Thursday, March 27, 2014

Cathy Sander's Fried Sauerkraut

When my friend, Cathy, mentioned that she like to share her recipe for Fried Sauerkraut, I pictured little sauerkraut croquettes. I couldn't have been more mistaken. It turns out that fried sauerkraut is pan fried with bacon and onion and it's DELICIOUS!

I highly recommend giving this a try. I think the recipe would appeal to kraut lovers but even more so to people who can take it or leave it. This recipe helps to round out and enrich the flavor. Instead of that puckery, salty sour flavor you get a layered subtle dish - a little salty, a little smokey. 

Cathy suggests serving the Fried Sauerkraut with roast turkey and cranberry sauce. It's her husband Carl's favorite way to eat it. Vince and I also used some for a Reuben and it rocked!

The recipe is easy peasy. Check out the video and then try the recipe yourself.

Fried Sauerkraut
Serves 4 to 8

1 32-ounce jar Sauerkraut, drained
4 slices thick-cut bacon, sliced into 1" strips
1/2 cup diced onion

Drain the sauerkraut and squeeze as much of the moisture out as you can.  Set aside.
Heat a 12" pan on medium high. (Cathy prefers to use cast iron but any pan will do. Non-stick pans do not work well for this recipe because the sauerkraut won't brown/caramelize.) 

Once the pan is hot at the bacon strips and cook to render out the fat for about 5 minutes. You don't want to make the bacon too crisp but you do want a good amount of bacon fat in the pan. Add diced onions and cook till onions are slightly translucent, about 4-5 minutes. Next add the drained sauerkraut and and stir to combine all the ingredients well.

Then let the sauerkraut sit in the pan for a few minutes to start the caramelizing. Stir occasionally till sauerkraut is a golden color, about 10 minutes. Once it reaches the desired color, turn off the heat and let sit in the pan for 1-2 minutes.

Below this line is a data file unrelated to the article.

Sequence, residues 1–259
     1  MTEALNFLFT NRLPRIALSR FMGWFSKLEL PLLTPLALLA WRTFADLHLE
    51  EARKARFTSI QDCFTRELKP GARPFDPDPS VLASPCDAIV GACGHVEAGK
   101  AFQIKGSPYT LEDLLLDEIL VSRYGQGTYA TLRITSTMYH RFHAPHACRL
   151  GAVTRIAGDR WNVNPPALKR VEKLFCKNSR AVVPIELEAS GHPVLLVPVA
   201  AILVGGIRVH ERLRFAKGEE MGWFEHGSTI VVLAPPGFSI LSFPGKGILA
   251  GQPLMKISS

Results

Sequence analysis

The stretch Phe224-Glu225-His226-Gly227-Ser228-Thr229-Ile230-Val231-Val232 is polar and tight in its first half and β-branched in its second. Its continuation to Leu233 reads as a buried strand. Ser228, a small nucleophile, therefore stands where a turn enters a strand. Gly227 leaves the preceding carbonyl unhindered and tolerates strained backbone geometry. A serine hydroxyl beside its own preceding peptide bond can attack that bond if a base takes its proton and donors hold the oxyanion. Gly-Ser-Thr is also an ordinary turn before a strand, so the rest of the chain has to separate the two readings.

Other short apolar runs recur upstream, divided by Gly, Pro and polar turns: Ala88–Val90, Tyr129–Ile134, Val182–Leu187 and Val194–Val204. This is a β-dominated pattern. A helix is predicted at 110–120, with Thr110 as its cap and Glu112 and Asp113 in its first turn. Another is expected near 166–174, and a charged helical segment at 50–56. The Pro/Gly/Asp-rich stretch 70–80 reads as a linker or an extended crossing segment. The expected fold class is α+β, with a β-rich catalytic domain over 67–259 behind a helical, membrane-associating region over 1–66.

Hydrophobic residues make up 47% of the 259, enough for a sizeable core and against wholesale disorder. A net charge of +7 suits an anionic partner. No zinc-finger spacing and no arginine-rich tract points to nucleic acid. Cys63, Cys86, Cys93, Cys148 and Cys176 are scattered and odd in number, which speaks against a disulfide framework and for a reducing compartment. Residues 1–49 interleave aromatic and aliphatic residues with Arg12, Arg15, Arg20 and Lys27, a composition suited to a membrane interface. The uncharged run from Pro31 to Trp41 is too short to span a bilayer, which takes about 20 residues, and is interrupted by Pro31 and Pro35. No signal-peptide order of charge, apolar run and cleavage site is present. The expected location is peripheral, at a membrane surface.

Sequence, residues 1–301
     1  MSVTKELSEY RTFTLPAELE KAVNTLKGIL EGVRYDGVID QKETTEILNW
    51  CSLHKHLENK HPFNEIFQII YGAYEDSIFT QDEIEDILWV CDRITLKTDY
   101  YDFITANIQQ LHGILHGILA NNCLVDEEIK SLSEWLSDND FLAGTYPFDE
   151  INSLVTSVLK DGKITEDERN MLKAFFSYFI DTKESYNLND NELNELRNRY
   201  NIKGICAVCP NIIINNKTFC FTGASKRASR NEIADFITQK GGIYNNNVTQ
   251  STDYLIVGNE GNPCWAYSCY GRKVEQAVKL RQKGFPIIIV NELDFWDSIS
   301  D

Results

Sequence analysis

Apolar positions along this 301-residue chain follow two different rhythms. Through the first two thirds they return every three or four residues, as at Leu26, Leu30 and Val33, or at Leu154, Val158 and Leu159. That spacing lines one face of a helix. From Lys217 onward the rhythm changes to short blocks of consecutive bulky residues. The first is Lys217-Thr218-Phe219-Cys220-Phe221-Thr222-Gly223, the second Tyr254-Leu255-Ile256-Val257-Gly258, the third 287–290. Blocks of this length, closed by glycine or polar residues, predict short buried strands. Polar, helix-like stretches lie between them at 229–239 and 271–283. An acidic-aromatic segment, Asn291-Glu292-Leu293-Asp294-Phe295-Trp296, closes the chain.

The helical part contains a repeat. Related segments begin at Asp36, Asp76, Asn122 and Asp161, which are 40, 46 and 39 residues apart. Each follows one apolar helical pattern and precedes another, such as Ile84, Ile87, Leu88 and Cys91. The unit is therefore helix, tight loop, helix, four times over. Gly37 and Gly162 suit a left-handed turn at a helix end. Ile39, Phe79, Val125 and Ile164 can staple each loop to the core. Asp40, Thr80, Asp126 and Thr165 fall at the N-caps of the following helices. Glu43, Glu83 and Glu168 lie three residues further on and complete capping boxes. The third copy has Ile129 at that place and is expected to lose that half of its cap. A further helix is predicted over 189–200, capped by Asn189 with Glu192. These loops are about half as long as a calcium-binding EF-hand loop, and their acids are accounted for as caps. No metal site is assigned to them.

Tuesday, March 11, 2014

Potatoes Colcannon for Your St. Paddy's Day

St Patrick’s Day is just around the corner. Americans of all ethnicities embrace their inner leprechauns by wearing green and raising a pint to celebrate. Many partake in the ubiquitous Irish-American tradition of eating corned beef and cabbage, as well. But do we really like it? Good corned beef? Yes! But tasteless, cottony potatoes and wilted cabbage? Probably not. (Although, the starch might keep the ghoulies at bay after too much green beer.)

Admittedly, potatoes and cabbage have been sustenance foods in Ireland for ages. I’m not knocking that, but they don’t have to be bland and boring! I suggest you shake up your menu and try a flavorful, classic Irish side dish – Potatoes Colcannon.

Colcannon, Irish for “white-headed cabbage,” consists mainly of mashed potatoes with kale or cabbage though there are many variations. It’s commonly served on St. Patrick’s Day and Halloween but once you’ve tried it, you’ll want to serve it year-round. It’s terrific with grilled sausages, roasted pork and ham.

Potatoes Colcannon
Serves 4 to 8

2 lbs (about 6) russet potatoes, peeled and quartered
8 tablespoons (1 stick) butter, cut into small cubes
1/2 cup milk or cream
1 1/2 cups diced onion
3 cups coarsely chopped green cabbage or kale*
1/8 teaspoon freshly grated nutmeg
sea salt and freshly ground black pepper, to taste

Put the potatoes in a large pot, add water to cover the potatoes by 2 inches and generously salt the water. Bring to a boil over medium-high heat and cook until the potatoes are tender when pierced with a knife, about 15 minutes.

While potatoes are cooking melt 2 tbsp of the butter in a heavy pot or Dutch oven over medium heat. Add the onion and cook, stirring occasionally, until softened, about 5 minutes. Add the cabbage and toss until tender-crisp, about 8 minutes. (If you are substituting kale for the cabbage, cook it a little longer to ensure that it’s tender – about 15 minutes.) Sprinkle with nutmeg and season with salt and pepper.

Drain the tender-cooked potatoes, return them to the pot and mash well. Add the remaining 6 tbsp of butter, allow to melt, and stir to combine. Slowly stir in milk. Season with salt and pepper. Fold the potatoes into the cabbage mixture and serve warm.

*You can substitute 1 bunch kale (about 1 lb), stemmed and coarsely chopped

Happy St. Patrick’s Day!

What do you serve on St. Patrick’s Day? Are there any traditional dishes you’d like to share?